Question Detail

Do you have advice on designing a Research class for students who are preparing for SAT/ACT exams? I'm a first-year teacher.

Aug 26, 2013 9:36am

I am a recent graduate and career changer going from the communications field into the education field. The most experience I have in running a classroom is from a substitute teacher standpoint so developing lessons and expectations is all new to me. I will be teaching a research class which will primarily focus on assisting students prepare for SAT/ACT/ PERT or improving their scores on the tests. I will also have students who will be accelerating other coursework to graduate on time. Do you have any advice on how to design coursework or lessons accordingly? My entire classroom is set up with computers for the students to use to conduct research or do their work. I appreciate any tips you may have!

  • English Language Arts / Math / Technology / Other
  • 9-12
  • Assessment / Behavior / Class Culture / Common Core / Digital Literacy / Engagement / New Teachers / Planning

2

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    • Aug 29, 2013 4:26am

      Hi-

      I used to teach an SAT prep class. A large portion of class was vocabulary development and scaffolding the test taking process for different types of questions. If you do this, you could design the course using Universal Design for Learning so students could express their knowledge is different ways, since you have all those computers. Definitely check out UDL at http://cast.org/udl/index.html.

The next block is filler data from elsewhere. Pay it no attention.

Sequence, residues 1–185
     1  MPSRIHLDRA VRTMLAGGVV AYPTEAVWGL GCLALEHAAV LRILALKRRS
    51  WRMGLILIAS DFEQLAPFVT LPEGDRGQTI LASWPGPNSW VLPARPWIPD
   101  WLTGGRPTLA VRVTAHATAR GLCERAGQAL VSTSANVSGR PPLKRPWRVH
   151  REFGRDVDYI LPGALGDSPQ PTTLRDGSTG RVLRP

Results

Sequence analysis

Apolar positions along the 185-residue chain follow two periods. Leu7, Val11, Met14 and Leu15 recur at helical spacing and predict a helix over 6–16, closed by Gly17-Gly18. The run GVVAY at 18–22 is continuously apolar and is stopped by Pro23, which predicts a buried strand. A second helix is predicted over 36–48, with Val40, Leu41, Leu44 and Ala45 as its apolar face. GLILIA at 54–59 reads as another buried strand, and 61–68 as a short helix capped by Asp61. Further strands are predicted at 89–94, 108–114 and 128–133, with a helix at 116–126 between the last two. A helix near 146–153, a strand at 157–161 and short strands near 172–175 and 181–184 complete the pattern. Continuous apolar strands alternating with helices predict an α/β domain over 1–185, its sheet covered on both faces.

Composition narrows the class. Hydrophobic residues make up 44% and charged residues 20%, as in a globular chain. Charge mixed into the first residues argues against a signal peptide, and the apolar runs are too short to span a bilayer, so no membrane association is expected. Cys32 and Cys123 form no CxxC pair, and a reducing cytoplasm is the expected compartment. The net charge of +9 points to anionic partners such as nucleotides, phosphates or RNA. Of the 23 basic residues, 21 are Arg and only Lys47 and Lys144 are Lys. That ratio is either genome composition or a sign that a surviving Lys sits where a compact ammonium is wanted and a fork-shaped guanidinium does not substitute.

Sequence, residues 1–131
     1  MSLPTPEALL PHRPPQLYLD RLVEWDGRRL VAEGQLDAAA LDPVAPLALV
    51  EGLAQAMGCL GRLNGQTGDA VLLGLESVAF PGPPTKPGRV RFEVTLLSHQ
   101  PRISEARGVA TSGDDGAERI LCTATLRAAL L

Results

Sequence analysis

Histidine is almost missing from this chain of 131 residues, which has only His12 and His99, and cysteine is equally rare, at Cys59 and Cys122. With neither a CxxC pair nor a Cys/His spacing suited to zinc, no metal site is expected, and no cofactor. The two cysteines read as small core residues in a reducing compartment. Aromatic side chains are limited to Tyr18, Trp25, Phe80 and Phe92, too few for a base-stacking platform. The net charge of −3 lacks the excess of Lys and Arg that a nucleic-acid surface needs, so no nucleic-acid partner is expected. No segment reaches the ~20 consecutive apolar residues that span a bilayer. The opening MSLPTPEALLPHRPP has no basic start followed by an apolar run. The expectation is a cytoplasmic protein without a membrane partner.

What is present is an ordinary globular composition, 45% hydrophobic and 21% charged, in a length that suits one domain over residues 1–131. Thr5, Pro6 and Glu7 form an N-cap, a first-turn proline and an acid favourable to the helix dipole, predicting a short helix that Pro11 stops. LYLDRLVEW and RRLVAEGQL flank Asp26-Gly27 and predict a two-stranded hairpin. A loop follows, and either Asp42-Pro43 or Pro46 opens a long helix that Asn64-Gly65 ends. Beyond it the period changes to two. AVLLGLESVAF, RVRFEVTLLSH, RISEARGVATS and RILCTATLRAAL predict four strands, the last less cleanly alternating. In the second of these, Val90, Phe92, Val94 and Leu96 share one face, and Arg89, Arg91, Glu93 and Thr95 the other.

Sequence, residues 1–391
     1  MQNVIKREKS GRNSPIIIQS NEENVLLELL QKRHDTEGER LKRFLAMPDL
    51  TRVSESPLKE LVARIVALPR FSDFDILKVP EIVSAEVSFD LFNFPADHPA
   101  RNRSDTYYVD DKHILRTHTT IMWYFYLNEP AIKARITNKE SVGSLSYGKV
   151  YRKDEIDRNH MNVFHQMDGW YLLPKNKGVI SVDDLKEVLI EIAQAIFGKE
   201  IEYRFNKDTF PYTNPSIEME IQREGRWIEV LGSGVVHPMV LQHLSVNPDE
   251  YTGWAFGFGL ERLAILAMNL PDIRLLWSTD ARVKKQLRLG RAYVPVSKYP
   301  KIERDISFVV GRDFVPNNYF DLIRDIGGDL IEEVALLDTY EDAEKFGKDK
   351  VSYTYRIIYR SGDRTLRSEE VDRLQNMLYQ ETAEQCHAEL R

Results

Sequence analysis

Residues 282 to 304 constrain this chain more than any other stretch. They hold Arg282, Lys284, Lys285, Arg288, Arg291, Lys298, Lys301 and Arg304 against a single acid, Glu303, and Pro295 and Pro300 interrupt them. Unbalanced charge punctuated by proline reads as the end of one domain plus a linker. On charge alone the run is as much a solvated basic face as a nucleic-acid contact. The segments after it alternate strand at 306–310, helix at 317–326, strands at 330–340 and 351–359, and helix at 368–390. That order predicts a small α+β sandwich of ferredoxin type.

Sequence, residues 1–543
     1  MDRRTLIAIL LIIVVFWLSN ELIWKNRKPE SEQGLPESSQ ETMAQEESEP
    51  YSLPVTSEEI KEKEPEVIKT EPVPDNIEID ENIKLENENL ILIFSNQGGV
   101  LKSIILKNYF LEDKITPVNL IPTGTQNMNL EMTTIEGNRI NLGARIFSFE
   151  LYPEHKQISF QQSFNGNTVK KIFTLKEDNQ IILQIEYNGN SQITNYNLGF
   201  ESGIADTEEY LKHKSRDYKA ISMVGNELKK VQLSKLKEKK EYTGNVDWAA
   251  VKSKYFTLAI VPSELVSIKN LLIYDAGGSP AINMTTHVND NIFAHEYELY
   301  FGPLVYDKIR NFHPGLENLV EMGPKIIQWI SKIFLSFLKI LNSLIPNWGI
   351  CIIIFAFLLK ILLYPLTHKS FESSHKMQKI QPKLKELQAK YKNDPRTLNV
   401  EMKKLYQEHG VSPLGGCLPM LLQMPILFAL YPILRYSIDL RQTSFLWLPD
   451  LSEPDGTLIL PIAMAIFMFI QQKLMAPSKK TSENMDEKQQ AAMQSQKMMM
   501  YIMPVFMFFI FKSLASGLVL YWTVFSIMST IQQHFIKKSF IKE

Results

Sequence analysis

Good luck,
      Katie Novak
      www.katienovakudl.com

      • Jun 26, 2014 4:53pm

        I am also in the process of a mid-career change and I am attempting to obtain my Masters at Teaching. This summer is my first semester; and, I have also taken both the Praxis I and Praxis II this Summer. I had no idea what actual content to study for the English Praxis II, so I bought three separate "AP" Study Guide Books, one on American/ English Grammar, the other on Grammar, and the last on Reading. These three twenty dollar books have been awesome in helping me to create lesson plans while also, (sort of) studying for the Praxis II at the same time. They are a quick reference and give you an idea of how to organize the information (or how not to). They act as a great starting point. A non-citable, tertiary point, if you must. Therefore, my advice would be to spend some time in the study guide aisle at Barnes and Noble, or a less chain bookstore, perusing the study guides which are out there not only for these specific tests, but the "AP" ones in general. I hope this helps and best of luck to you!